Breast implants recreate the shape of a breast after part or all of the breast is removed (mastectomy) because of cancer. Several types of implants are available.
Sometimes an implant is placed during the same surgery as mastectomy. But often you will have two surgeries. The doctor will first place a tissue expander beneath the skin. Saline (or air) is gradually added to the expander to help stretch the skin. This may take several months. When the right size is reached, the expander is taken out and an implant is put in. The nipple and the darker area around it (areola) are created at a later time.
After surgery, you will probably go home the same day or the next day. Many people can go back to work or their normal routine in 3 to 6 weeks.
Your new breast will likely not have any feeling. It will also look different.
How It Is Done
To place an implant after mastectomy, the surgeon will use the same incision that was used to remove the breast tissue. The implant may be placed directly under the skin, but it is usually put under the chest muscle.
Often, before an implant is placed, a doctor will first place a balloon (or tissue expander) beneath the chest muscle. Saline is added to the expander every 1 to 2 weeks to help stretch the skin and muscle. This may take several months. When the muscle and skin are stretched enough, the expander is taken out and an implant is put in.
What To Expect
When you wake up from surgery, you will have bandages over the surgery sites. You may wear a special bra that holds your bandages in place. You may have drainage tubes to collect fluid and keep it from building up around the surgery site.
If the implant was placed at the same time as your mastectomy, you may stay in the hospital for 2 or 3 days. If the implant is placed later, you will probably be able to go home the same day.
Most people have soreness, redness, and swelling in the breast after implant surgery. You may need pain medicine for a week or two. Your doctor will give you instructions on how to care for your incision. Your doctor may also prescribe antibiotics to help prevent infection.
You may be able to go back to work or your normal routine in 3 to 6 weeks or sooner. Most people need to avoid strenuous activity for several weeks.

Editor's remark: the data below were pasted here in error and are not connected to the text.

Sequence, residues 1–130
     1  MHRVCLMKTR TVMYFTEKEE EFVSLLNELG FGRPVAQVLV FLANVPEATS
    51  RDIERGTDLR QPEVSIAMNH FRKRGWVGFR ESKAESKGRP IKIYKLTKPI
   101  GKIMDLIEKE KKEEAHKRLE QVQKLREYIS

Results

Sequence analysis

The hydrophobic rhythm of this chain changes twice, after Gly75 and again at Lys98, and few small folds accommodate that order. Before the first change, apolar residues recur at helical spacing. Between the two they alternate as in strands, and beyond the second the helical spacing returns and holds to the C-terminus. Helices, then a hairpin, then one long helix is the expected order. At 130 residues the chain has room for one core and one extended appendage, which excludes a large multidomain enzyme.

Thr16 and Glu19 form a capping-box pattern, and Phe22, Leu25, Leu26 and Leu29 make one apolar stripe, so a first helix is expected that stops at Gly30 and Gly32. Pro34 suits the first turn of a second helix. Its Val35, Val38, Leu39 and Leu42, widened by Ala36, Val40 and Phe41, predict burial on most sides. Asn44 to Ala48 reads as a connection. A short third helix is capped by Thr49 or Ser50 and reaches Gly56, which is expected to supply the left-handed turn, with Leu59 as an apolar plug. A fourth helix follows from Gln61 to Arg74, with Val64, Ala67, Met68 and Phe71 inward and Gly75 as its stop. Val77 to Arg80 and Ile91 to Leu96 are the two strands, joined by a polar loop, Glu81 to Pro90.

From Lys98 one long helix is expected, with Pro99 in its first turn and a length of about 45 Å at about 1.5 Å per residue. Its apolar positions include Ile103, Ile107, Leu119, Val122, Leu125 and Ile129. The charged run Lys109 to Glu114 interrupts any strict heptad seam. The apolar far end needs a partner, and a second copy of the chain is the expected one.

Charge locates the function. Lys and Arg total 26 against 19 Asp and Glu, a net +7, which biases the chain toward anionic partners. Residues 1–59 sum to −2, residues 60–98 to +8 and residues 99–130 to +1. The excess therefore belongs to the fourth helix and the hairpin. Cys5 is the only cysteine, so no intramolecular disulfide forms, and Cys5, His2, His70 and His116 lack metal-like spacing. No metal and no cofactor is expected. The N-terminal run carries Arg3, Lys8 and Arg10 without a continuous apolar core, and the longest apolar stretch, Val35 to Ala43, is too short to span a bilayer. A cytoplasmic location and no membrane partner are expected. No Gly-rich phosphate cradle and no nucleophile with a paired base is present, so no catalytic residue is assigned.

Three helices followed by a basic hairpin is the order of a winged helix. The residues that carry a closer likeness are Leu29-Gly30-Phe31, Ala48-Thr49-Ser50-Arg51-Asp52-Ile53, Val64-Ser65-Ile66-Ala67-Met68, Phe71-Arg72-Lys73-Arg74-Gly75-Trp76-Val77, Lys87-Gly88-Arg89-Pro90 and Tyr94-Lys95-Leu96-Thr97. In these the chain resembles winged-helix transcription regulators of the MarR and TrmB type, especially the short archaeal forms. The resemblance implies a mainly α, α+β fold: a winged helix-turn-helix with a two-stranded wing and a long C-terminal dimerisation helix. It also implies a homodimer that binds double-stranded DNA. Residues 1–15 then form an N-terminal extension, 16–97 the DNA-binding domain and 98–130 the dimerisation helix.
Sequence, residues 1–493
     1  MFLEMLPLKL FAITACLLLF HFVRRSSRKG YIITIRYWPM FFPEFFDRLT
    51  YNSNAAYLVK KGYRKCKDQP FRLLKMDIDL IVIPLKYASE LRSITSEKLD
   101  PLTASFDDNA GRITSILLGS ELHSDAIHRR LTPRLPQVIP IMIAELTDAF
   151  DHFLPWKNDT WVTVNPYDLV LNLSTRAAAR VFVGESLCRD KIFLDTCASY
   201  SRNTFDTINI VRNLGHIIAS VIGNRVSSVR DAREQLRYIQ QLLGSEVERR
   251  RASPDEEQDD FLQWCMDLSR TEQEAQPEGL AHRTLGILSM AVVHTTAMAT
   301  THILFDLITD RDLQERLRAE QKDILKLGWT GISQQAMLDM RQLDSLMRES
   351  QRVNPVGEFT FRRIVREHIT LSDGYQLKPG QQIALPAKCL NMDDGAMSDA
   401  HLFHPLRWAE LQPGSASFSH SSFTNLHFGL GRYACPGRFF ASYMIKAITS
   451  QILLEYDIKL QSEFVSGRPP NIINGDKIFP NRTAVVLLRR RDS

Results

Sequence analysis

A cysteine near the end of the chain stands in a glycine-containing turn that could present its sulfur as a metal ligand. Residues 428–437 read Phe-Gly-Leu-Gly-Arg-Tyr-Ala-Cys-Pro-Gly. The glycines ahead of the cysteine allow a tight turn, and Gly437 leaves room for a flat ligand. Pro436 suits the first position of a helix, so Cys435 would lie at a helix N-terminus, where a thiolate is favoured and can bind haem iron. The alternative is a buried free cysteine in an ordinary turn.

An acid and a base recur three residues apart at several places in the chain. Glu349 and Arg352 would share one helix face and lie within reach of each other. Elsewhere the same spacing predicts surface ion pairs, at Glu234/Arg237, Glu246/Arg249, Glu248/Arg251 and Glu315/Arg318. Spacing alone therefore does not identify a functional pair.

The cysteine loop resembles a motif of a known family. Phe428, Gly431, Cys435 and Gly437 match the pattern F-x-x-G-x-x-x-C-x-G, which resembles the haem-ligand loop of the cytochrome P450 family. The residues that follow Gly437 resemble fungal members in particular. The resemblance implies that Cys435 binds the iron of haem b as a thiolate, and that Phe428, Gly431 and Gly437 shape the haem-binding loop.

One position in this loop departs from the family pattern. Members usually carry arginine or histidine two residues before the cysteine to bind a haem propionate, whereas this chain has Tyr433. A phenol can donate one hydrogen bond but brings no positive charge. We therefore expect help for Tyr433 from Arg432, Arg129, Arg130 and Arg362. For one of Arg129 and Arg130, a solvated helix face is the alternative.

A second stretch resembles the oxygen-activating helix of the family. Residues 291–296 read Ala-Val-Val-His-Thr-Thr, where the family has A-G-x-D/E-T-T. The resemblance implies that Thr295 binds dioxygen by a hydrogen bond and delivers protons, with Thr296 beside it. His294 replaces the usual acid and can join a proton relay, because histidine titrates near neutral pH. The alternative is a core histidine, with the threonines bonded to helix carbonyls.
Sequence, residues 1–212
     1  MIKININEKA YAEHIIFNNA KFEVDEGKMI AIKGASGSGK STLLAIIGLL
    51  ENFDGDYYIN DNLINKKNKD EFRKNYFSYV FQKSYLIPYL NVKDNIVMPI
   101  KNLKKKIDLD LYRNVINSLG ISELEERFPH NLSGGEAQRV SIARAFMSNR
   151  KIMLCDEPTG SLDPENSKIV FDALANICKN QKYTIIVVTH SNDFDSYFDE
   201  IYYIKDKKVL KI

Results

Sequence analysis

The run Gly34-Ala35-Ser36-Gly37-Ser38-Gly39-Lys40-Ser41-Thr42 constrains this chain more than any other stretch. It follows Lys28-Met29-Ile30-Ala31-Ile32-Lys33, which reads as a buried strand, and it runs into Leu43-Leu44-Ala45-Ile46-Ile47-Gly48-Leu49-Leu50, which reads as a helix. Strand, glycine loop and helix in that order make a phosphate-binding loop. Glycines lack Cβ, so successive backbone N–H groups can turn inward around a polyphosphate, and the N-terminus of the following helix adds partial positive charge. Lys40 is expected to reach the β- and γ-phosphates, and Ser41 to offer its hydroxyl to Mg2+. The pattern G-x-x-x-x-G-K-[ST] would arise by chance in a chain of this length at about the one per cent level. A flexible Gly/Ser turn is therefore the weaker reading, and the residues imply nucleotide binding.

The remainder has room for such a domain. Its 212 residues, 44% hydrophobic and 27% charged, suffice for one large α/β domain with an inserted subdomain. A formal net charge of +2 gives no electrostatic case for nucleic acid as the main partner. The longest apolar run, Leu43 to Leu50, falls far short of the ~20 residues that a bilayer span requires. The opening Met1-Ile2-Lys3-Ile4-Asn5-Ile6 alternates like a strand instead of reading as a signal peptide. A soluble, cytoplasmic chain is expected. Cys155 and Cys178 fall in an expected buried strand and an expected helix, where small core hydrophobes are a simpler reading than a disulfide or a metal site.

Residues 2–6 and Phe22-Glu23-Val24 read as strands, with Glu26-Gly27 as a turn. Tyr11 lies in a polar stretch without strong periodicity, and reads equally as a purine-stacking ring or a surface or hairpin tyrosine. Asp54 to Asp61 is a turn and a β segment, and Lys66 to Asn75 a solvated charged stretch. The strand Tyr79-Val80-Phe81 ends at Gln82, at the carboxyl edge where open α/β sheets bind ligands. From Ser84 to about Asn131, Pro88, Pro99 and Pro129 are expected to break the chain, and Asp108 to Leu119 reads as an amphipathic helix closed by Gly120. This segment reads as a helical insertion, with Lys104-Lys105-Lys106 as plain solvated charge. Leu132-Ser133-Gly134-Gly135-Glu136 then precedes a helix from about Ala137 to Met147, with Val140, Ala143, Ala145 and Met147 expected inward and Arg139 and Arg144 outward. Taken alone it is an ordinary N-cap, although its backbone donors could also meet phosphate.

Why It Is Done
Breast implant surgery can be done to restore the appearance of a breast after mastectomy. It may also be done for women who have problems with breast development.
Breast reconstruction may help a woman feel better about her appearance. Some women say it helps them feel better about their bodies, more alive, feminine, and sexual—and happier about life.
How Well It Works
Breast implants work best for women who have small breasts (A or B cup) or for women who have both breasts removed (bilateral mastectomy).
Compared to tissue flap surgery for breast reconstruction, breast implant requires a shorter surgery and has a quicker recovery time.
A breast implant will likely need to be replaced at some point. Some implants have lasted 20 to 30 years, but that is not common. This means that someday you will probably need to have surgery to replace the implant.
Many of the risks associated with breast reconstruction are the same as those with any surgery: infection, poor wound healing, bleeding, or a reaction to the anesthesia used in surgery.
Other risks from breast implants include:
- Capsular contracture. It occurs when scar tissue around the implant hardens and begins to squeeze the implant. Surgery may be needed to remove the scar tissue or replace the implant.
- Changes in the implant. Normal activity or an injury to the breast can damage the implant, causing it to leak, deflate, or rupture. Over time, the implant may harden, develop ripples, shift position, or change shape. Surgery may be needed to remove the implant and replace it if any of these changes occur.
- Results that don't look perfect.
- Uneven breasts. Breasts with implants don't sag with age like natural breasts. This could be a problem if you just have one breast implant.
- Silicone implants that leak. Silicone implants can leak inside the body without causing any symptoms.
- A small risk of getting cancer. Breast-implant-associated anaplastic large cell lymphoma (BIA-ALCL) is a serious cancer that develops near the implant and can lead to death. The risk of getting this cancer seems to be higher for breast implants with a textured surface than for implants with a smooth surface.
Some women are at higher risk for problems from surgery. This includes women who:
- Are obese.
- Have high blood pressure.
- Have diabetes.
- Are in poor health.